To most of us, today is known as Christmas Eve. In Washington, D.C. today is also Dr. Anthony S. Fauci Day. In honor of Dr. Fauci’s eightieth birthday, the Mayor of D.C. Muriel Bowser proclaimed December 24, 2020, as his day.

Dr. Fauci, director of the National Institute of Allergy and Infectious Diseases and frontman for the White House coronavirus task force, Fauci is a face of the scientific community during the coronavirus pandemic. He’s been active in giving interviews just about everywhere possible in the media, from podcasts and radio interviews to network and cable news shows to late-night talk shows, Fauci is not hard to find. He’s everywhere. One of the odd things that have resulted in this crazy year is that a government bureaucrat has been elevated to celebrity status. His fifteen minutes of fame shows no signs of slowing down as we go into 2021.

Why is this happening, though? Fauci seems like a nice enough man. As a face of the pandemic, he presents himself as a kind but stern grandfather, nagging us to wear a face mask and wash our hands while we keep six feet away from others. He attends meetings with the White House coronavirus task force and offers his expert opinions, having over forty years of experience in battling epidemics. Fauci has advised six presidents – Joe Biden will be the seventh president who receives his advice. But, at this stage in his career and his life, he’s a talker, not a doer. He isn’t in a lab developing a vaccine or a cure for COVID-19.

The scientists working diligently seven days a week and around the clock with Operation Warp Speed deserve their day of recognition. They are the ones who developed the vaccines that will now save millions of lives while Dr. Fauci takes a bow. Mayor Bowser acknowledges Fauci’s work on ending HIV/AIDS, which hasn’t happened even with his forty years of devotion to the virus. There are therapeutic drugs now but no vaccines. There is no cure for HIV/AIDS.

If Fauci is receiving honors for his work, it should be from HIV/AIDS research. He has been head of NIAID for 36 years. Fauci had been a major force behind a trial that had just proved that a long-acting injectable drug, cabotegravir, was highly effective at preventing women from contracting HIV. This conclusion was reported in November and is seen as very good news.

“I wanted the world to see that with all due respect to the extraordinary stress and strain that we’re going through with Covid, HIV is still a very important disease,” Fauci told the Guardian.

In an interview to mark his 80th birthday on 24 December and the HIV epidemic’s official 40-year mark in the coming year, Fauci reflected on the fight that, likely unknown to much of the public, has dominated exactly half his life.

“My career and my identity has really been defined by HIV,” said Fauci, who oversees a $1.8bn HIV budget at NIAID and is a leader of the global HIV research response. “Because I’ve been in a very unique position of now being one of the very, very few people who were there from the very first day of HIV.”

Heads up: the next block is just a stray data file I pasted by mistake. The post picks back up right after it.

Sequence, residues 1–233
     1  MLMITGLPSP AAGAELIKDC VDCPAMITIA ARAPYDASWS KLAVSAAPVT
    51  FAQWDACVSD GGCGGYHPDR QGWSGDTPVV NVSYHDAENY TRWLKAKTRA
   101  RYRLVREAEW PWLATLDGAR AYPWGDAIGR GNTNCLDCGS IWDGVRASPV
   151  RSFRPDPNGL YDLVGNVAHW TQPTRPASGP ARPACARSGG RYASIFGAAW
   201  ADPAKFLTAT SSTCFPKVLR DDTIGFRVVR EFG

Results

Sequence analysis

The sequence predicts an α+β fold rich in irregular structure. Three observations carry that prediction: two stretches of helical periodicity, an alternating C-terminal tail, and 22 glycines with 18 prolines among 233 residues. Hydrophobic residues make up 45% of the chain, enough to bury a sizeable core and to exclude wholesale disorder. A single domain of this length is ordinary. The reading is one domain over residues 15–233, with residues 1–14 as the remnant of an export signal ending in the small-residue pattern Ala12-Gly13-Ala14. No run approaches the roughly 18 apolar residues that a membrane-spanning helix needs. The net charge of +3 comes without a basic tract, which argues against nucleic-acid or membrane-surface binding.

Fauci is a resident of Washington, D.C. and the mayor did what many mayors do for their city’s famous residents – she proclaimed a day to honor him. It’s his eightieth birthday but we know it’s happening his year because of the coronavirus. Fauci has often been hailed by Trump’s opponents, like Mayor Bowser, for pushing back on statements made by President Trump during the pandemic. We don’t see Dr. Birx, Fauci’s protege, and the White House coronavirus response coordinator, being given her own day by the mayor. She, too, lives in D.C. and has a long career focused on infectious diseases. Fauci is the celebrity this year. You’ll have to excuse me if I don’t consider him a hero during the coronavirus pandemic.

“Dr. Fauci has been a hero to our nation during this incredibly difficult year, working tirelessly to save lives and guide our nation’s response to and recovery from the pandemic,” said Mayor Bowser.

“We are incredibly proud to count him among the many D.C. residents who are sacrificing so much to keep our communities healthy and safe,” she said. “I issue this honor on behalf of all Washingtonians in gratitude and recognition of Dr. Fauci’s service to our nation and our city.”

He’s doing his job and giving guidance on mitigating the pandemic. That’s fine but it’s not hero-level work. Frankly, he’s been more hero-like in his efforts against HIV/AIDS. The health care workers and first responders transporting patients in ambulances are the heroes during the pandemic. They are risking their own health to care for those who are infected with the coronavirus.

Mayor Bowser said, “Dr. Fauci has been a shining light in dark times for the nation, promoting truth over fear and giving Americans hope in their government.” Fauci has tried to remain positive in his remarks but he often goes into doom and gloom mode in his warnings about the severity of outbreaks in hot spots. He’ll fit right in with the Biden administration, with whom he has agreed to join, and Biden’s schtick that winter is coming. The dark days of winter are coming. Biden has replaced optimistic talk that our best days are ahead of us with wallowing around in darkness and despair.

I will give Fauci credit for walking the walk besides talking the talk. He hasn’t been caught in violation of his own advice, except when he was seen maskless in the stands during a baseball game, sitting next to his wife and another person in an otherwise spector-free stadium. Fauci was there to throw out the game’s opening pitch, because he’s a celebrity, you know. Anyway, he didn’t travel during the Thanksgiving holiday and his grown daughters didn’t come home. He and his wife are doing the same for Christmas.

Happy birthday, Dr. Fauci. Merry Christmas. I do hope the new year brings more recognition for hard-working heroes across the country more than Washington, D.C. career bureaucrats.